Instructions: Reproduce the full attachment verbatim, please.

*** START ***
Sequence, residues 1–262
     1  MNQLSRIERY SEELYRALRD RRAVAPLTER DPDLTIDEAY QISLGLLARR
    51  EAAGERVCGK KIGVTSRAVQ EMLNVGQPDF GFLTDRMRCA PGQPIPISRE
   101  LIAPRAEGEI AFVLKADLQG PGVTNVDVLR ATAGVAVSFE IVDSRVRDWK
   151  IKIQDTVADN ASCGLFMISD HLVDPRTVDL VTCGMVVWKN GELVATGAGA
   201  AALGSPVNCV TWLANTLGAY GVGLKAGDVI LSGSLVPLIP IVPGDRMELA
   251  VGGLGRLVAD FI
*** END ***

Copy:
Sequence, residues 1–262
     1  MNQLSRIERY SEELYRALRD RRAVAPLTER DPDLTIDEAY QISLGLLARR
    51  EAAGERVCGK KIGVTSRAVQ EMLNVGQPDF GFLTDRMRCA PGQPIPISRE
   101  LIAPRAEGEI AFVLKADLQG PGVTNVDVLR ATAGVAVSFE IVDSRVRDWK
   151  IKIQDTVADN ASCGLFMISD HLVDPRTVDL VTCGMVVWKN GELVATGAGA
   201  AALGSPVNCV TWLANTLGAY GVGLKAGDVI LSGSLVPLIP IVPGDRMELA
   251  VGGLGRLVAD FI